Hugh Somerville-Knapman–A salutary blast from the past ”“ on the Ordinariate and Vatican II

To be honest, with regard to the first comments, I do not understand…[Professor Tina Beattie’s] perplexity. It seems quite simple: it means that a goodly number of Anglicans and their clergy will be entering into full communion with the Catholic Church. Moreover, surely their arrival will only enrich the diversity of the Catholic Church, as they bring their own traditions, or “patrimony”, of liturgical worthiness, pastoral sensitivity and biblical engagement. They will speak an idiom clearly understood by Anglicans, who may then, we pray, feel moved to explore further the path to full communion by means of this familiar idiom.

Here, one suspects, is her problem. The Ordinariate reveals clearly that for the Catholic Church ecumenism is not about ongoing “dialogue” for its own sake. It is about encouraging and convincing Christians to enter into full communion with the Church, from which they are estranged due to actions centuries ago. If it means anything regarding the relations between the Anglican Communion and the Catholic Church it is that the Church has only one goal, ultimately, for ecumenical dialogue with Anglicans: that they return to the Church. This may disturb many Anglicans, for sure, but that is no reason to stop the progress of ecumenism.

Her second comments raised the eyebrows as she describes the actions of Ordinariate Catholics as “Protestant”. How it can be Protestant to enter into Communion with the Catholic Church is beyond me!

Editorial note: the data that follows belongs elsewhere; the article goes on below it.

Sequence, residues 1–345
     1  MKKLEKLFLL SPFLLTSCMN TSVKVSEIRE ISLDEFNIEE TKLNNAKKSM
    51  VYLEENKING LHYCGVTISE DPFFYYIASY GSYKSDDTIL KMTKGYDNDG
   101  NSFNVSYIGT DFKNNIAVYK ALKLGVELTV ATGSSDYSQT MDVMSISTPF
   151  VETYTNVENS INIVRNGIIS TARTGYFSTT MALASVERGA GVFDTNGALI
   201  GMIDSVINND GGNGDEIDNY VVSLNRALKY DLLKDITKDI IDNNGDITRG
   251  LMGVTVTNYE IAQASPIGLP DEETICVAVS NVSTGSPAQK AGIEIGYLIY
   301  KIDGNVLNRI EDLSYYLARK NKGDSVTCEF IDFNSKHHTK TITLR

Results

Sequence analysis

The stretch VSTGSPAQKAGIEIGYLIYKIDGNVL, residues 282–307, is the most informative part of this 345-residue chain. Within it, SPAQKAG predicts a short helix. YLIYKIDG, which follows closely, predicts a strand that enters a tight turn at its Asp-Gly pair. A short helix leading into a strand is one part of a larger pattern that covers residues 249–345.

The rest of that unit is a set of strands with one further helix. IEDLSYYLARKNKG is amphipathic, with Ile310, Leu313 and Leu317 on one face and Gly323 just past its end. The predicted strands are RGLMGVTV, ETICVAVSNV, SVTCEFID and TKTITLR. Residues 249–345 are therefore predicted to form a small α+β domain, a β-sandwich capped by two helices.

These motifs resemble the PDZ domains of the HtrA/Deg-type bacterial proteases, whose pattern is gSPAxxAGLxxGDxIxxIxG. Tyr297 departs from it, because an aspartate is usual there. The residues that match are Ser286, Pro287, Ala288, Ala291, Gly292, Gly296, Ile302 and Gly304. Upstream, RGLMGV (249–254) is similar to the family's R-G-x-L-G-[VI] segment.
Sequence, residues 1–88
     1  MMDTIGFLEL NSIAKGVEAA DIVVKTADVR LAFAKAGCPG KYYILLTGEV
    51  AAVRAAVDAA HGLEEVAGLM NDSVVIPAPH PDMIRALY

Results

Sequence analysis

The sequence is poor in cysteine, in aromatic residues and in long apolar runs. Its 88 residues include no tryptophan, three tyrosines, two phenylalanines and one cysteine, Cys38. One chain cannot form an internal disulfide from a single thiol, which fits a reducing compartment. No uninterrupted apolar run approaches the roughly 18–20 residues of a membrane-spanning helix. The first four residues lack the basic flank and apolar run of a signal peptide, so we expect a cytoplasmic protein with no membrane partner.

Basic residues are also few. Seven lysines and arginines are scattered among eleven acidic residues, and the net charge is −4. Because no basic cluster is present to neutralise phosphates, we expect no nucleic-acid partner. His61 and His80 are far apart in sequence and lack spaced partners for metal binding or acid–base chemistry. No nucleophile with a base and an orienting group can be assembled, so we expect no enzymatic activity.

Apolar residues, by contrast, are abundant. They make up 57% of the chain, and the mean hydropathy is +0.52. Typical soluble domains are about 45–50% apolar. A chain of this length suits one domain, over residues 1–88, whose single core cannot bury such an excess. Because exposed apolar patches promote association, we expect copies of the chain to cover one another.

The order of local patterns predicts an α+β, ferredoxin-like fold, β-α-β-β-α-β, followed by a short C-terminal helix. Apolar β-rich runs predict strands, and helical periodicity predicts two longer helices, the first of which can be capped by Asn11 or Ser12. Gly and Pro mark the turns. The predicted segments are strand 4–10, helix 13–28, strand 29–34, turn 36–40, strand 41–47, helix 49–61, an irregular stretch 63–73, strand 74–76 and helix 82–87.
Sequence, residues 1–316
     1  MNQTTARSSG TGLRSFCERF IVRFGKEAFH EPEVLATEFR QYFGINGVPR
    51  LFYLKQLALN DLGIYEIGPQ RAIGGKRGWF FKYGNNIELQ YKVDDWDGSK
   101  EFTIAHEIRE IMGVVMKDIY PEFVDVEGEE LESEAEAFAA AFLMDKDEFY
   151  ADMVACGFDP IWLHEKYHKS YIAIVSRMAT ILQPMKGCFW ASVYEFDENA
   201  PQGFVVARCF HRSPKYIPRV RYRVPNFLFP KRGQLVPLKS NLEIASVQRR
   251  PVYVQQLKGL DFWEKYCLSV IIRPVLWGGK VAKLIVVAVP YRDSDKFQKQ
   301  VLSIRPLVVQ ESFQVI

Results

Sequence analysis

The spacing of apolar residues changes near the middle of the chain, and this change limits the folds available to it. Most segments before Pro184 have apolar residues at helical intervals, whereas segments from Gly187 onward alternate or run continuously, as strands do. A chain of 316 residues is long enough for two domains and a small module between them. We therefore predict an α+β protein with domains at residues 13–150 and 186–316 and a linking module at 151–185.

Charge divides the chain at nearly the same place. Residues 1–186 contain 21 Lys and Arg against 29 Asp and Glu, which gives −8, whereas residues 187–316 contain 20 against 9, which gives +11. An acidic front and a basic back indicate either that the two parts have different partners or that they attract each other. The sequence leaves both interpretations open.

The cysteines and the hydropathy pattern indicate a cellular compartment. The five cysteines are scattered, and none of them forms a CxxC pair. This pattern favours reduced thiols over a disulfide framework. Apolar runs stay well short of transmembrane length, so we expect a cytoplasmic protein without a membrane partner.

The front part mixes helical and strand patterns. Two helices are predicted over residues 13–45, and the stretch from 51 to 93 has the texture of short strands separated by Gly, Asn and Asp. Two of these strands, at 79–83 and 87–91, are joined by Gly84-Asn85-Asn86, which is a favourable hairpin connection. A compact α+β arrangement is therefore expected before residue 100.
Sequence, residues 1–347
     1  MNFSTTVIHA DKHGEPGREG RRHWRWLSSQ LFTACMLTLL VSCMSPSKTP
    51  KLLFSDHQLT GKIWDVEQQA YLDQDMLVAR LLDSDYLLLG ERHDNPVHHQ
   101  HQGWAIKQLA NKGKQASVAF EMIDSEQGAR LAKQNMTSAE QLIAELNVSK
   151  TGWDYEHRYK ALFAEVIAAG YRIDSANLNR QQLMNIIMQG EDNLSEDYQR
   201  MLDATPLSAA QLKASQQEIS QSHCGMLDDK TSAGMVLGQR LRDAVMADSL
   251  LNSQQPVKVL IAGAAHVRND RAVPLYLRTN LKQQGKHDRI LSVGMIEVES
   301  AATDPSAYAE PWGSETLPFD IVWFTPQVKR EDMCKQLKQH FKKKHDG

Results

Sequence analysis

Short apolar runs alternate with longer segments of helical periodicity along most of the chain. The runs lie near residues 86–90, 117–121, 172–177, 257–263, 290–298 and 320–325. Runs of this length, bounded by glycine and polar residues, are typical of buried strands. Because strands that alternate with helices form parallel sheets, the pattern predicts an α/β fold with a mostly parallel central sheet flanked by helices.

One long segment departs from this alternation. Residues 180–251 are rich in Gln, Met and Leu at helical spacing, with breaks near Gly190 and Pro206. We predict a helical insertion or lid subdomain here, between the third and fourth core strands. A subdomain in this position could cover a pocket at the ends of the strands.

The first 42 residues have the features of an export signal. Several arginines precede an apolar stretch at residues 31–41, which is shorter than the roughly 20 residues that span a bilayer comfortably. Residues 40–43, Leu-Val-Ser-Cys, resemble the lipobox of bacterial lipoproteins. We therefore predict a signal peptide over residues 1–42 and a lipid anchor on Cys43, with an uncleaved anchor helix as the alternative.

Read it all.


Posted in * Anglican - Episcopal, * Christian Life / Church Life, * Religion News & Commentary, Anglican Provinces, Archbishop of Canterbury, Church of England (CoE), CoE Bishops, Ecclesiology, Ecumenical Relations, Ministry of the Laity, Ministry of the Ordained, Other Churches, Parish Ministry, Pope Benedict XVI, Roman Catholic, Theology

2 comments on “Hugh Somerville-Knapman–A salutary blast from the past ”“ on the Ordinariate and Vatican II

  1. Father Jonathan says:

    I very much appreciate Fr. Hugh’s clarity on this, as opposed to what comes out of both Canterbury and Westminster. I’ve just completed a blog post about all of this over at The Conciliar Anglican:

    Bottom line, though, is that in these conversations about ecclesiology we very rarely ask questions about how our understanding of the Church helps or hinders our soteriology. I think that Rome is right to push us to face our own ecclesial deficiencies, but Anglicans should be prepared to ask what might be perceived as uncomfortable questions about the way our Roman Catholic brothers and sisters understand the saving grace of a relationship with Jesus Christ.

  2. TomRightmyer says:

    Sorry to see the blog unreadable – black background and small white type. The direction of Anglican ecumenical work has been toward agreements of full communion with mutual recognition and shared ministry as an intermediate goal looking to organizational unity in the future as the separate organizations grow together in this ministry. The Roman policy of organizational union first is a dead end. When Rome accepts Anglican orders we’ll be able to enter into full communion, but reordination is for me a deal breaker.